Our nation's debt is literally indenturing our children to our international debt holders, but most Americans don't care because they are more concerned about the latest saga involving Snooki on Jersey Shore rather than what really matters, our country’s future.

Thursday, November 4, 2010

California Teachers' Fund May Cut Return Forecast to 7.5% Following Losses

Thank goodness Nancy is no longer the Speaker because when this pension fails, and it will fail, the bailout money would have been attached to a required spending bill for vetrans or seniors by the Democrats so that it would get passed by Congress.

California Teachers' Fund May Cut Return Forecast to 7.5% Following Losses
By Michael B. Marois

The California State Teachers Retirement System, the second-largest U.S. public pension, will consider cutting its expected earnings rate on investments to 7.5 percent, increasing the need for higher contributions as it recovers from market losses.

The $132 billion pension fund’s governing board will consider approving a new rate of return, now 8 percent, at its Nov. 5 meeting in Sacramento, according to its agenda. The so- called assumed rate of return on investments is used to calculate the size of pension contributions from employers needed to pay retirees.

Public pension funds across the U.S. are adjusting their assumptions following losses in the recession that within three years may leave them $1 trillion short of the amount needed to pay benefits, according to a National Bureau of Economic Research report. The largest fund, the California Public Employees Retirement System, known as Calpers, uses a 7.75 percent assumed rate of return.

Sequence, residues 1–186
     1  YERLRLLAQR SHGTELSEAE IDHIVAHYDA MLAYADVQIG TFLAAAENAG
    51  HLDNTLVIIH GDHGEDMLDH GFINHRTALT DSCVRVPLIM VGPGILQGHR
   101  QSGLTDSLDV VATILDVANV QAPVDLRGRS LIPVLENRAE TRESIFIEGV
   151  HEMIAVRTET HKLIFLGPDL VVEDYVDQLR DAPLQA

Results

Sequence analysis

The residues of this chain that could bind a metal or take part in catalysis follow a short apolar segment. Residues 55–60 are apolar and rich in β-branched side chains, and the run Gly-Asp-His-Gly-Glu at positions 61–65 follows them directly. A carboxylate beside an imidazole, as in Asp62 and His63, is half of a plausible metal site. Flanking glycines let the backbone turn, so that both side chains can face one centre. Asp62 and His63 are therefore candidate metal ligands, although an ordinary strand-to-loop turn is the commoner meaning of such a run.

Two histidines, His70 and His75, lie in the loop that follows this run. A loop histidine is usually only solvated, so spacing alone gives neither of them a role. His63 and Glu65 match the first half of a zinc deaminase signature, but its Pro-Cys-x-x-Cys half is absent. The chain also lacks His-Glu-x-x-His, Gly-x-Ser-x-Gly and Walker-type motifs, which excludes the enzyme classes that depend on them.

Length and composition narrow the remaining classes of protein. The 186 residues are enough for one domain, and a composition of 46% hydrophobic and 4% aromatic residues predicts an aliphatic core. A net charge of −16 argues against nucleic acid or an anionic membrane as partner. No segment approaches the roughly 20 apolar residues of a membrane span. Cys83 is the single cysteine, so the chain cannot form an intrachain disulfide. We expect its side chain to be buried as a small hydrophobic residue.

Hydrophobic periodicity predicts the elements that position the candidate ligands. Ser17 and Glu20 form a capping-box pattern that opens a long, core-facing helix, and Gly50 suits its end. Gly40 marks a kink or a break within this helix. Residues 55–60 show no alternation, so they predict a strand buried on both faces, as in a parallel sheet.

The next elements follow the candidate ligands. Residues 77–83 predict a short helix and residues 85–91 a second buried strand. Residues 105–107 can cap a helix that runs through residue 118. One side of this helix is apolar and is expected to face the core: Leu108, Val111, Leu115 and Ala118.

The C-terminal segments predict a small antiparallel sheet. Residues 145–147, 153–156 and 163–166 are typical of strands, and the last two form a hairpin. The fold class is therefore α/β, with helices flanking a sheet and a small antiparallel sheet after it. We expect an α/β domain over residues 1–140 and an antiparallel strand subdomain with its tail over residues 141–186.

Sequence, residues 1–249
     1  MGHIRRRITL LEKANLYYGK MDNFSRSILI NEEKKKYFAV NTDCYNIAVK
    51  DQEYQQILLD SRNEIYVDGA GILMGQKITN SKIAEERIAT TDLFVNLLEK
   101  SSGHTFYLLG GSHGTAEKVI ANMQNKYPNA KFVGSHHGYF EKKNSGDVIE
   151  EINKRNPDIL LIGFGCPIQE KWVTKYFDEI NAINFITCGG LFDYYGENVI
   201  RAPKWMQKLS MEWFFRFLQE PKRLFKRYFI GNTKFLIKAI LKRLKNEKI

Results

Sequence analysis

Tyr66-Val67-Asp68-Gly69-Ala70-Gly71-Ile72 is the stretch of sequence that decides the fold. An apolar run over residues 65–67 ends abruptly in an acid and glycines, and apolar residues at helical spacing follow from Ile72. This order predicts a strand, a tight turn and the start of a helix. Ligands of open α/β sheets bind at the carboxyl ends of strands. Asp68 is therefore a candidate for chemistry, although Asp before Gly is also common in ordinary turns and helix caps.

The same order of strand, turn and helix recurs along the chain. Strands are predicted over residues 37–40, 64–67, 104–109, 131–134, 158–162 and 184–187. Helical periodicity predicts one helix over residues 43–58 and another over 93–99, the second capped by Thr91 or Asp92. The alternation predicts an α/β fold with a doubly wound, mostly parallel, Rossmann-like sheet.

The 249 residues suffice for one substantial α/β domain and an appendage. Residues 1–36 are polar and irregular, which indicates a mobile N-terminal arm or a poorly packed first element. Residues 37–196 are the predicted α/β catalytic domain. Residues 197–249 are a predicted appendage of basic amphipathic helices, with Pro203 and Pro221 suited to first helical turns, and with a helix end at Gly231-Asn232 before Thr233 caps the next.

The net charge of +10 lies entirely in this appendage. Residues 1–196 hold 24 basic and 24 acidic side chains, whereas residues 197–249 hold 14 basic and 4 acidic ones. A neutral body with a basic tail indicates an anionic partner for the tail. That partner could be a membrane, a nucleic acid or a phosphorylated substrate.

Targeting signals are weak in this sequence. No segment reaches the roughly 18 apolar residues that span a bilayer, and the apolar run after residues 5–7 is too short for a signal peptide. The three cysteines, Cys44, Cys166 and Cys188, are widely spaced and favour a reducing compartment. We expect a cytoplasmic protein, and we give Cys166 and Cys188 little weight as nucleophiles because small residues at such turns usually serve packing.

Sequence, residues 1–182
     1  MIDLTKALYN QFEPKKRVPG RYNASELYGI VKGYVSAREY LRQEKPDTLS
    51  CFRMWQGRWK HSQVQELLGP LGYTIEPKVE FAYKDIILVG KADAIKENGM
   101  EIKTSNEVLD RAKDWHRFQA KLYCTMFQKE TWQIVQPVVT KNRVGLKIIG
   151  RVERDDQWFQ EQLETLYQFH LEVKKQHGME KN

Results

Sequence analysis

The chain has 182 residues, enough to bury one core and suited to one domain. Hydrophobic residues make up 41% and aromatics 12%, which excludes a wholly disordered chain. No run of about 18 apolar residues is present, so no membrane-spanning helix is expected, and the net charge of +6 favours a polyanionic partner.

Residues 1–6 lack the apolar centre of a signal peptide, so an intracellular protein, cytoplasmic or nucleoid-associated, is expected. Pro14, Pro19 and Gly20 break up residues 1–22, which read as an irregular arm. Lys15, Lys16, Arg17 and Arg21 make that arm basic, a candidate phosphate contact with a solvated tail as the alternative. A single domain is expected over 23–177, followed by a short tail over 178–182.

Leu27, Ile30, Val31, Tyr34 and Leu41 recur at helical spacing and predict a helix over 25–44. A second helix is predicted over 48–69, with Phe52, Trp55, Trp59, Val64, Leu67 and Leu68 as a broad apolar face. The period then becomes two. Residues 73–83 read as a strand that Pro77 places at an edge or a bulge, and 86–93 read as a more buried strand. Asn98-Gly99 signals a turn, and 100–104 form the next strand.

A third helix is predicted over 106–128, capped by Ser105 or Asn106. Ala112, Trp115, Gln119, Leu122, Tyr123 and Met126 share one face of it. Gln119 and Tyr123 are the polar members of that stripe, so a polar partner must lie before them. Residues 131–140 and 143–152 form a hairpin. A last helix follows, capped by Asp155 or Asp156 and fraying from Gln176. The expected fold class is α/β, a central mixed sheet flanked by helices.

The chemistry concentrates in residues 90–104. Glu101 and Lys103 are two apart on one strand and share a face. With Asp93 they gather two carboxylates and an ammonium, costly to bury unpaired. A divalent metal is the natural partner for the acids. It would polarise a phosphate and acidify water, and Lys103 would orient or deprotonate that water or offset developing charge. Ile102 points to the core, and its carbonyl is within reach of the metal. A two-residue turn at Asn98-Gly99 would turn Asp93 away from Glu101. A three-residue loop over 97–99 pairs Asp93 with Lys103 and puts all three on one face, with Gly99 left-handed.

“The impact of reducing the assumed investment return and assumed inflation rates will result in a better representation of the fiscal condition of Calstrs benefit programs based on the current economic outlook,” the fund’s actuary Rick Reed said in a report to be presented to the board.

Calstrs, as the teachers’ fund is known, is 78 percent funded, meaning it is short by more than $42 billion. Reducing the assumed rate of return would lower that funding level to 74.2 percent, according to the report posted on the fund’s website.

Higher Contributions

The fund, which provides benefits for 848,000 public-school and community-college teachers, would need to ask lawmakers for an increase of as much as 16.8 percent in the amount the state and school districts pay toward employee retirement benefits if the board adopts the 7.5 percent assumed rate of return. Teachers are likely to be asked to pay more from their paychecks as well.

The teachers’ fund earned 12.3 percent in the year that ended in June, after losing 25 percent in fiscal 2009 and 3.7 percent in 2008.

Fewer than half of the public pension funds in the U.S. had assets to cover 80 percent of promised benefits in fiscal 2009, according to data compiled for last month’s Cities and Debt Briefing hosted by Bloomberg Link.

New York’s $124.8 billion pension fund, the nation’s third- largest, in September reduced its assumed rate of return to 7.5 percent from 8 percent. Calpers will review its 7.75 percent rate of return in February.

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